Times are tough all over, so I was recently assessing the fees I paid for telecommunications costs. I rang up the local cable company with cancellation on my mind.
No problem. They immediately removed the services for me. Then, quicker than you can say "cost cutter," they tried to sell me a new "higher-speed" Internet connection. I asked how much it cost.
Their fee? Five dollars more than the total costs of the services I'd just canceled.
I begrudgedly declined, frustrated by the fact that companies seem to try to get me coming and going these days.
Well, heads up, people: Apparently, at least one vendor has figured out how to squeeze you in between - specifically, during integration.
Gartner Research Director Debbie Wilson posted an intriguing, small blog item yesterday revealing that one vendor plans to charge companies for integrating with their product. Alas, she didn't name names - but she did say it was "a major procurement vendor."
Wilson specializes in procurement strategies and applications analysis, so let's be clear: She isn't talking about a vendor charging you to create custom integration code or even for giving you adapters.
This is a new money MO. Wilson explains that the vendor plans to "tax" customers for each integration connection between their platform and a heterogeneous system:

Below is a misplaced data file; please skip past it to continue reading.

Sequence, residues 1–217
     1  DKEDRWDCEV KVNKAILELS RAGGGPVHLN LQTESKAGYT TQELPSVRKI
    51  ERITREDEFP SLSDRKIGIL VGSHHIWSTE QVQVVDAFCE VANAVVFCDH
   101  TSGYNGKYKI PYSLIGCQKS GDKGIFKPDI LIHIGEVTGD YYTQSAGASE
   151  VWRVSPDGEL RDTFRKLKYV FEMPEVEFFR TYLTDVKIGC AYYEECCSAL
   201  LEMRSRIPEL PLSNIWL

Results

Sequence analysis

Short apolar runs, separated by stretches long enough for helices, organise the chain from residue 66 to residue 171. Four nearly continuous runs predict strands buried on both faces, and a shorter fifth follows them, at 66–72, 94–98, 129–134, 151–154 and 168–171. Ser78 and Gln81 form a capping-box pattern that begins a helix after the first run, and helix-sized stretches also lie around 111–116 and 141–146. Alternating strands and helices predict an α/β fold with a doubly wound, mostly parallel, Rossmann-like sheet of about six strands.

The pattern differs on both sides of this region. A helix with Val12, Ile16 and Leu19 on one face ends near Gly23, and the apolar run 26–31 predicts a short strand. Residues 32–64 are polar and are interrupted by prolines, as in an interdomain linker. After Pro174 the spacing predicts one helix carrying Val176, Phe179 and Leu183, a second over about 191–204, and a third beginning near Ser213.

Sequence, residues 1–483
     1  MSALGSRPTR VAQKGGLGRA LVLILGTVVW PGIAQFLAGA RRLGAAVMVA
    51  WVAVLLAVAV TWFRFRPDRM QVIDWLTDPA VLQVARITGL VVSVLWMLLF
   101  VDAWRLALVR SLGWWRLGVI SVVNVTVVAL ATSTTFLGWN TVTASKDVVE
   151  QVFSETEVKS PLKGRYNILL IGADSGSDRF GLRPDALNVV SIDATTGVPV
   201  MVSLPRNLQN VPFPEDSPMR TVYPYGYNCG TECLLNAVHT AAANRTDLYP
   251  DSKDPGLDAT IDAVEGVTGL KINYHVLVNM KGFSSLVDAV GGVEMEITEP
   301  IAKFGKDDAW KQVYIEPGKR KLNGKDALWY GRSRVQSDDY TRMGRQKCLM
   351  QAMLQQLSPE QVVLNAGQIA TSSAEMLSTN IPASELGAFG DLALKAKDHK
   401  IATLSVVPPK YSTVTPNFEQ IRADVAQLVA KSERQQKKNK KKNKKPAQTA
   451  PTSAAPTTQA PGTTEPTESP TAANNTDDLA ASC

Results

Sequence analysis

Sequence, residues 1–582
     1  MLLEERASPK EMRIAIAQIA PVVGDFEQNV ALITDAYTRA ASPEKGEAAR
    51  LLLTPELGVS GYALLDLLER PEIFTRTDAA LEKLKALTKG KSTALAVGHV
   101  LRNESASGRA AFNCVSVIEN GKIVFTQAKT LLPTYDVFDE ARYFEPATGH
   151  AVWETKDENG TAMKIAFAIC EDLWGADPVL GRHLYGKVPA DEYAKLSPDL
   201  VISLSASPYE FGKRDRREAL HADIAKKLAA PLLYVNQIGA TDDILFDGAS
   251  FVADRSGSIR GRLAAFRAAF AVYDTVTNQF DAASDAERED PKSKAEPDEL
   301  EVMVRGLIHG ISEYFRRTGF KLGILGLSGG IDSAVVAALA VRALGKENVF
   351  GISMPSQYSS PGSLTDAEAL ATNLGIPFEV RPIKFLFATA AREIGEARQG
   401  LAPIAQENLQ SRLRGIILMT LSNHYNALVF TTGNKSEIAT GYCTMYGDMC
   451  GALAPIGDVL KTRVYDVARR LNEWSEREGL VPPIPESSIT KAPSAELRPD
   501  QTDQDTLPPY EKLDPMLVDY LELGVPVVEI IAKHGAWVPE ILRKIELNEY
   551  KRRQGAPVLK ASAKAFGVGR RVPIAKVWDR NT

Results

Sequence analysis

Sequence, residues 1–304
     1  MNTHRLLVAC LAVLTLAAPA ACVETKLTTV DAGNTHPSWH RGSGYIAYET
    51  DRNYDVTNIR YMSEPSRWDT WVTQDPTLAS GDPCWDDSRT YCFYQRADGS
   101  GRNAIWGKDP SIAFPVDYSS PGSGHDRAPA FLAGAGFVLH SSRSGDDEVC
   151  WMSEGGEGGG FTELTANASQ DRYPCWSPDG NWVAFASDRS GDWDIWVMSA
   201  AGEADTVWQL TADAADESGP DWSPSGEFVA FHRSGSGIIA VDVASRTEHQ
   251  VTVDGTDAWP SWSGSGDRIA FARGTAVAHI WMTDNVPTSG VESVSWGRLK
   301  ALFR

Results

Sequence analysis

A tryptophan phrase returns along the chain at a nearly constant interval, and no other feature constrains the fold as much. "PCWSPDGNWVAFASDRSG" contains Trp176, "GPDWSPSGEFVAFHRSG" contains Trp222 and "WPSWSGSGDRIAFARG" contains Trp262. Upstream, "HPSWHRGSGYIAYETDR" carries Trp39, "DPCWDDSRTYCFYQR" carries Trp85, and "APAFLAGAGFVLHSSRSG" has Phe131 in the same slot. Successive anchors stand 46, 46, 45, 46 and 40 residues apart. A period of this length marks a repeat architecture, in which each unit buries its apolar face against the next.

"This vendor offers a variety of procurement apps, but in many cases their customers opt for a best-of- breed module to support certain processes. So if the vendor can't get the license revenue by getting customers to use their app, well at least this way they get a cut."
I can't help but wonder if this is a defensive strike back at SaaS. If it is, other vendors could follow suit - but that's just wild speculation on my part.
Of course, vendors and cable companies aren't the only ones putting on the squeeze. As Dennis Byron recently pointed out, "Buying enterprise software is like buying cars; no one pays sticker price." Even so, with nearly half of IT budgets slashed in the first quarter of this year, many CIOs are pushing back even harder on vendors.
IT Business Edge's Ann All recently argued againstCIOs putting the squeeze on tech vendors. Pushing for a deep discount, she wrote, can result in fewer services or lower quality in outsourcing, hardware and even software contracts.
Good point. But wouldn't it be nice if, in return, vendors agreed not to put the squeeze on you?
Fat flying pig of a chance.
"Buyer beware," Wilson warns at the end of her post on taxing integration. Good advice, because in this economy, I suspect both sides are going to squeeze and squeeze and squeeze until even the flying pigs sing soprano.